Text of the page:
Strike of Lithuanian teachers starts on 22 February


Six teacher trade unions demand that the wages of teachers in Lithuania, which have been frozen for 8 years, would be restored to the level of pre-crisis. Furthermore, they request  allocating 3,56 million Euros severance pay for teachers who are at the age of retirement but still at work to be able to leave the system. Teacher unions believe that teachers miss around 600 Litas (174 Euros) in their monthly payment. The unions also demand to reduce the number of pupils in classes and groups.

According to the teacher trade unions, the quality of the Lithuanian education system is deteriorating; Lithuania scores lower each year in international surveys and the students’ learning outcomes remain lower than the PISA OECD average. In addition, the teachers’ employment structure is outdated with an over-reliance on part-time year-to-year contracts without any guarantee for employment the following year.

20% of the workplaces in the education sector are occupied by already retired teachers, which impedes the employment of new teachers. Also, the numbers of pupils and students have been decreasing due to demographics and emigration to other countries, which also has a negative impact on the sector in general and especially on teachers recruitment.

UNESCO’s national report on Lithuania’s progress on implementing “Education for all” strategy underlines that the Lithuanian education system is facing a number of challenges, first of all, due to insufficient and ineffective financing and poor management.  “In Lithuania the measures for improving the quality of education are not applied systematically, they are chaotic, some of them conflict with each other, and there is lack of policy stability and continuity” – said Tatiana Babrauskiene, international secretary of FLESTU, a union which represents around 10.000 teachers from all education sectors.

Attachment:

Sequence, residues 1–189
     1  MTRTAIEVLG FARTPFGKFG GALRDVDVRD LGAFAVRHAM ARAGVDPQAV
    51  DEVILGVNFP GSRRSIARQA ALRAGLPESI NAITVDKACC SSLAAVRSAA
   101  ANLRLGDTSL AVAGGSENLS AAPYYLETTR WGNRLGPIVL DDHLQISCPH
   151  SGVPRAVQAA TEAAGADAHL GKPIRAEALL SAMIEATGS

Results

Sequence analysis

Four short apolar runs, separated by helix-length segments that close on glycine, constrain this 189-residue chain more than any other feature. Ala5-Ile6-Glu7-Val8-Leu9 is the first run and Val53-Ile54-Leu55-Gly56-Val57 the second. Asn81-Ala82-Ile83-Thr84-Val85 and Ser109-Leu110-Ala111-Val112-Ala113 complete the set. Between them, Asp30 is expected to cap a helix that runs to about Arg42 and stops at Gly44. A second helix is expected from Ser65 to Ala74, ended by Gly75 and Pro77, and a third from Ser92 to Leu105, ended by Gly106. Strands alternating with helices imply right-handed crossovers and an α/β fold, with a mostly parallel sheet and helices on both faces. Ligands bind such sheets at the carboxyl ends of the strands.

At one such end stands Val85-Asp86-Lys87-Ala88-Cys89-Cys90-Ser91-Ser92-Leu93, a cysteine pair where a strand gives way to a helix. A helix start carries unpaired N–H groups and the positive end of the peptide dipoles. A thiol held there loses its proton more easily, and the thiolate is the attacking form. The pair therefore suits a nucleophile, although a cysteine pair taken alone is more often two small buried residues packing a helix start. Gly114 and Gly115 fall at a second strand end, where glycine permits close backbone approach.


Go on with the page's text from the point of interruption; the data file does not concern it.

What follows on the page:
In Lithuania inequality and inaccessibility are observed specially concerning attendance at and quality of small rural schools and access of the socio-economically disadvantaged, particularly of the rural families,  to pre-school education.  Since few young specialists choose to work in pre-school and pre-primary educational establishments, the staff in early childhood education is elder than the staff in other levels of education.

The funding of general education in Lithuania, which is allocated per pupil, lags seriously behind the EU average. Therefore, although the enrolment rate is positive, more funds should be allocated to improve the quality of education. Moreover, the funds allocated to at least one pupil of ISCED 1 level was increasing every year, yet the funds provided at ISCED 2–3 levels have been shrinking in recent years.

Lithuania's ruling coalition agreed to satisfy some of the teachers' requirements and will assign additional 10 million Euros funding. However, the Ministry for Education and Science says that over 100 million Euros would be needed to satisfy the requirements of the teacher trade unions to improve the education sector and teachers’ working conditions to a full extent.

Teachers’ unions do not believe that additional 10 million Euros promised by the government for education „will save the situation“. “After 2 years of negotiations with the government and after reaching an agreement about the areas what should be improved, the government stated that an extra budget to the education system and to teachers’ salary is not available. Following a warning strike of teacher unions taken place on 8 November 2015, we decided to start a strike for indefinite period on 22 February. We ask all teacher trade unions in Europe to support us in our efforts.” – said Tatiana Babrauskiene.